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Abstract

Runoff from the Greenland Ice Sheet (GrIS) is thought to enhance marine productivity by adding bioessential iron and silicic acid to coastal waters. However, experimental data suggest nitrate is the main summertime growth-limiting resource in regions affected by meltwater around Greenland. While meltwater contains low nitrate concentrations, subglacial discharge plumes from marine-terminating glaciers entrain large quantities of nitrate from deep seawater. Here, we characterize the nitrate fluxes that arise from entrainment of seawater within these plumes using a subglacial discharge plume model. The upwelled flux from 12 marine-terminating glaciers is estimated to be >1000% of the total nitrate flux from GrIS discharge. This plume upwelling effect is highly sensitive to the glacier grounding line depth. For a majority of Greenland’s marine-terminating glaciers nitrate fluxes will diminish as they retreat. This decline occurs even if discharge volume increases, resulting in a negative impact on nitrate availability and thus summertime marine productivity.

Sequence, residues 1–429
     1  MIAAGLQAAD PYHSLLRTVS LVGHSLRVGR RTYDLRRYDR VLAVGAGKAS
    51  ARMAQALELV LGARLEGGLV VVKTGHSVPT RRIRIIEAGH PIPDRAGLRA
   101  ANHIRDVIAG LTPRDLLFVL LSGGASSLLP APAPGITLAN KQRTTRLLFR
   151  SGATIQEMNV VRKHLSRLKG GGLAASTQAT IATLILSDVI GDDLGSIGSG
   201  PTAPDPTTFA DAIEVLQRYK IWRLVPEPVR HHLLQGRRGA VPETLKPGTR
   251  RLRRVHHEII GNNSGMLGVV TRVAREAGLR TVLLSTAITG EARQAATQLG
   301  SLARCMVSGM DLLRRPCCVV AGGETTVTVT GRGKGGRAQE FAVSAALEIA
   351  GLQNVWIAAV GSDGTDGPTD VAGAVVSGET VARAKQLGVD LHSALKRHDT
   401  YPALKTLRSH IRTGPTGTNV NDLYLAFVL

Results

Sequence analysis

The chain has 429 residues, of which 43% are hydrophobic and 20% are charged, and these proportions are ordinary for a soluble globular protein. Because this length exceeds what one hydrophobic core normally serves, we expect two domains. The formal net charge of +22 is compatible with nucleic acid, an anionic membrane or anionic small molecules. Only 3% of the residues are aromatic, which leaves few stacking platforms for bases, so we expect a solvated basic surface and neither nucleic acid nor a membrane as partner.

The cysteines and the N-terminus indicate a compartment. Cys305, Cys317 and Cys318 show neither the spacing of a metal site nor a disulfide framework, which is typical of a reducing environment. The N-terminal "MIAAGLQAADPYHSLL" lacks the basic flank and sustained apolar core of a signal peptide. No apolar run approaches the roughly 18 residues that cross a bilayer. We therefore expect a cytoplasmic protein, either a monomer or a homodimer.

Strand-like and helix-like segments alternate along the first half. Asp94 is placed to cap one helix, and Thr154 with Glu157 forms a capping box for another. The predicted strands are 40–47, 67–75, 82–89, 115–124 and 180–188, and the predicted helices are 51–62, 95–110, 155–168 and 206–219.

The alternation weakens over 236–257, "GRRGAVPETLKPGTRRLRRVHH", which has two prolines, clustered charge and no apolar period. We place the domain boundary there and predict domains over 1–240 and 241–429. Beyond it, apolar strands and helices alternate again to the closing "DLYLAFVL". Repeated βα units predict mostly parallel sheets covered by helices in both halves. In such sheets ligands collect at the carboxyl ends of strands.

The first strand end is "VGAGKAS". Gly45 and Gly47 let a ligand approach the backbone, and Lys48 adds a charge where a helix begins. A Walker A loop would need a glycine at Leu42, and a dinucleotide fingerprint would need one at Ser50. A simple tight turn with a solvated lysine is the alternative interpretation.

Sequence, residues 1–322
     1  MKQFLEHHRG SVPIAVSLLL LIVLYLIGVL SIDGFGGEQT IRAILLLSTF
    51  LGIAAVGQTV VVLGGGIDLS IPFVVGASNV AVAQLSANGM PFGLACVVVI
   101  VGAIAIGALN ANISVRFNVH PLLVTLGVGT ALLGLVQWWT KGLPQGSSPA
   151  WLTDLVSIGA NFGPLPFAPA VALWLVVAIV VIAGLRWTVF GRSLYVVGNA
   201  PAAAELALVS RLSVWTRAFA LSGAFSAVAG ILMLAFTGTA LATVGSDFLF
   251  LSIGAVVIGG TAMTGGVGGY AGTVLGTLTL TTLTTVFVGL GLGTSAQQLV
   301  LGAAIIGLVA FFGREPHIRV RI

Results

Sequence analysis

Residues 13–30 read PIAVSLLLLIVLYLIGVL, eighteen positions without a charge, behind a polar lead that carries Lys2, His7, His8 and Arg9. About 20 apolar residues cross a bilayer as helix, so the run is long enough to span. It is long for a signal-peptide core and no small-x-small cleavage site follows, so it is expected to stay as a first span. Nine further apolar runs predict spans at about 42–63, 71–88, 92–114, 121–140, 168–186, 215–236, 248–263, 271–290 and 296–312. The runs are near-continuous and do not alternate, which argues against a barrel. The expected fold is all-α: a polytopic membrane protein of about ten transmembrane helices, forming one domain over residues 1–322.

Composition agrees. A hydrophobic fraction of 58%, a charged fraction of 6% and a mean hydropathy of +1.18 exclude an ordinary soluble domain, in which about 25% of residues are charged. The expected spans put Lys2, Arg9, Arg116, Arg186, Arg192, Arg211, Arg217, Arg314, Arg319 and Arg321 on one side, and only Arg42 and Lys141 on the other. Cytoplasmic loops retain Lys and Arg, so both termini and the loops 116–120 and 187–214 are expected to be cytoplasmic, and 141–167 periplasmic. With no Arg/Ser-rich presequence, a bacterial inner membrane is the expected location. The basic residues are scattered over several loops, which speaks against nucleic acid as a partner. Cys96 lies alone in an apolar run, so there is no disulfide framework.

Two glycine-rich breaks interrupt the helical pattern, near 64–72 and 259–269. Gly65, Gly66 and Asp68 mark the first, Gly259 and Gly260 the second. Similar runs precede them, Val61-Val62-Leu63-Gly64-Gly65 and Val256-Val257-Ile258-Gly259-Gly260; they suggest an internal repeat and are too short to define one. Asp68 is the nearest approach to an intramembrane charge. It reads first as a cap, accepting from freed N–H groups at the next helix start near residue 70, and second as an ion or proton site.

Authors

Hopwood, M.J., Carroll, D., Browning, T.J., Meire, L., Mortensen, J., Krisch, S. and E. P. Achterberg

 

Year

2018

 

Journal

Nature Communications

 

Citation

Hopwood, M.J., Carroll, D., Browning, T.J. et al. Non-linear response of summertime marine productivity to increased meltwater discharge around Greenland. Nat Commun 9, 3256 (2018). https://doi.org/10.1038/s41467-018-05488-8

 

Link

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IASC Related Activity

The Importance of Arctic Glaciers for the Arctic Marine Ecosystem

 

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